First Grade Woes (otherwise known as Camino de Santiago training)

I’ve completed my first fortnight of first grade. It’s been great – shorter days, longer patio breaks, no big surprises from kids I’ve already taught for a year. But, dios santo, am I tired!

Last Friday, while walking home as the Iberian sun was high in the sky, I was carrying two bags full of books, my computer, my purse and a very angry face. September in Sevilla is no stranger to 35º heat in the middle of the afternoon, and at that time, shade is nowhere to be found. Trying not to sweat, my normal 17-minute walk from train to casa stretched to 40 minutes, and I arrived home to my dear Nov laying on the couch in front of the air with a beer in hand.

La madre!” I exclaimed, cursing the heat, my bag and the terribly poor choice of shoes I had slipped on that morning. “I’m practically ready for the Camino with this load!”

My dear guirita Hayley, another one of us Bitten-by-Spain-and-oops-we’re-still-here friends, and I have resolved to do a quick hike around the Spanish block by way of a well-worn trail in a few summers (so get your Masters finished already, woman!). This “hike,” however, is not really just a simple stroll through the woods: it’s a nearly 1000km pilgrimage across Northern Spain, ending in Santiago de Compostela, a mere stone’s throw from the camp I work at during summer months. Hayley and I have already braved the elements in raining Galicia this summer, so we should be pros. I do have a leg up on her, though: I teach small humans, and that, amigos, is training enough (famous last words).

Carrying kids = carrying a backpack

My boss, the all-great Doña María, gave me my first wrist-slapping by way of a semi-compliment. “You must have been a great secondary teacher – you’re ignoring all the whining!” Yes, I took no crap from my teenaged olivareños, but a child under the age of six needs to feel loved and secure at school. This was her way of saying I needed to be more affectionate with the kiddos, it seems, so I do the un-American thing of hugging, kissing and complimenting my young students.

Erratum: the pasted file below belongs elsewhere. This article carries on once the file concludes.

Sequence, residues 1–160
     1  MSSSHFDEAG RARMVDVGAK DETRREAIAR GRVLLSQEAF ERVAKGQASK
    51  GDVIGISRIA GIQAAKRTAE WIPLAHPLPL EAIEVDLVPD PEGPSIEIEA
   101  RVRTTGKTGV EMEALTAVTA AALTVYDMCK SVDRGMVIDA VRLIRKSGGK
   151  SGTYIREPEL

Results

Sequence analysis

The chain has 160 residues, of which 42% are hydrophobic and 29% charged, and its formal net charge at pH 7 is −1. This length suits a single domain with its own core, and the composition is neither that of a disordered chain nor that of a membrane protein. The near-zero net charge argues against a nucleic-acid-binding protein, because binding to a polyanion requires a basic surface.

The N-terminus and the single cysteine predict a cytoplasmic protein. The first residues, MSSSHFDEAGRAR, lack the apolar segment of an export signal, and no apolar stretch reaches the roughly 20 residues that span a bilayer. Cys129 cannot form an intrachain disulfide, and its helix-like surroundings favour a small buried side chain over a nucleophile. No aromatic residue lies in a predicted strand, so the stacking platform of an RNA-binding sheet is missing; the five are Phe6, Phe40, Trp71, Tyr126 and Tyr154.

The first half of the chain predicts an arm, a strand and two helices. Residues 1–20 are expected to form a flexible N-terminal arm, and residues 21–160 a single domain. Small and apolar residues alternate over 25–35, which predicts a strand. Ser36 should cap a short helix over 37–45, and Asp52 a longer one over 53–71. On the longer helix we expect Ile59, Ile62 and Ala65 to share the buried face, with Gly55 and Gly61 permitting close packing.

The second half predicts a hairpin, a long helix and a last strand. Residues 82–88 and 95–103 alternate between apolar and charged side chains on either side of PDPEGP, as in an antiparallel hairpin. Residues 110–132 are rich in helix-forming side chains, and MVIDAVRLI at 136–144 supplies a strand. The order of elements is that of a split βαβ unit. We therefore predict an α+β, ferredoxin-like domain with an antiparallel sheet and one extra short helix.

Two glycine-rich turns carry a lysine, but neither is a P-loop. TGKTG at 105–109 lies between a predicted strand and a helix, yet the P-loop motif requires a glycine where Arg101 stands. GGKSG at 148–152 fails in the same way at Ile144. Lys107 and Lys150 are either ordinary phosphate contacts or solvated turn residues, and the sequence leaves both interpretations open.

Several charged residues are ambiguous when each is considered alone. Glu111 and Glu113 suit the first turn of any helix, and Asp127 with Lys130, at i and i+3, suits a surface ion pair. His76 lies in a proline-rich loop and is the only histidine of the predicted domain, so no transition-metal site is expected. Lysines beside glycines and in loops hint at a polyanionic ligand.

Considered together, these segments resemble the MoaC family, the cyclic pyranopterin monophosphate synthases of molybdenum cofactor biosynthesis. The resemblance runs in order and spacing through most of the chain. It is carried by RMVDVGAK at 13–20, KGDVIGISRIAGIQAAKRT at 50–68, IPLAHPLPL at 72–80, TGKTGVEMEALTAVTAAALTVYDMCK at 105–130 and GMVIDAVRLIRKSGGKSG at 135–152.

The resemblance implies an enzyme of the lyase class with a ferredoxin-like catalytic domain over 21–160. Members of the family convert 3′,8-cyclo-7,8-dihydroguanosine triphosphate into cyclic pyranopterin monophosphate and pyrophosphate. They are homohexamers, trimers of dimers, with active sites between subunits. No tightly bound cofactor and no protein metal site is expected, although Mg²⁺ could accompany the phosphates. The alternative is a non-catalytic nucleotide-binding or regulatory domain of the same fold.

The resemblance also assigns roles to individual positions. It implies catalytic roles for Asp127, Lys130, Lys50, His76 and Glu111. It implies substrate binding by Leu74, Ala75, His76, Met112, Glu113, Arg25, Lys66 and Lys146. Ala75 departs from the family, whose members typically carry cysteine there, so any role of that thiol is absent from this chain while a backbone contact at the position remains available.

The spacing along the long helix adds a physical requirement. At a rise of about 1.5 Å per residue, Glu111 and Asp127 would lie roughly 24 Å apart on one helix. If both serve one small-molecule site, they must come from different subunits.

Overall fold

My back may never be the same after teaching young learners (that, and all of those years of gymnastics and falls off beams and bars), but I look forward to the outpour of hugs. Sure, this means I have a constant cold, but when you’re ready to tear your hair out, nothing beats it. And when your boyfriend is in Somalia, is keeps your emotions afloat, too! I have kids hanging off of me like monkeys from a tree, and I enjoy (nearly) every second. And carrying all of my belongings across the Pyrenees and wind-swept plains of Spain? Pan comido. I give piggyback rides like it’s my job. Oh, yeah, it is!

All day on my feet = all day walking

Every time Kike complains of my shoe pile, I shoot him a “must be nice to fly a plane and sit down all day” looks. As a teacher, I am up stairs, crouched down to kid-level, running after them and standing tall, exuding confidence. My feet suffer as much as my back. My feet are currently home to a broken pedicure and five blisters, something that will become commonplace on my long walk.

Former pilgrims tell me the right kind of footwear and plenty of thick socks is the best thing you can do while preparing for the Camino. Tell me, the seño, something I don’t know.

It’s not the destination, but the journey

Call me contrite (or someone who is severely and almost detrimentally optimistic), but that age-old mantra that what leads up to the final stretch is really what matters is the daily affirmation a teacher gives herself. I have had moments where I wonder if my family really has a teaching gene, but those are far outnumbered by the times where I would like nothing more than to walk out of the classroom, through the patio and across the street for a beer. The day-to-day in elementary school can be trying. It can be mundane. It can make my head spin. But, at the end of a course, I am floored by what my kids have learned, and what they’ve taught me in return. Humility, patience and that there’s a special, secret world inside of each child.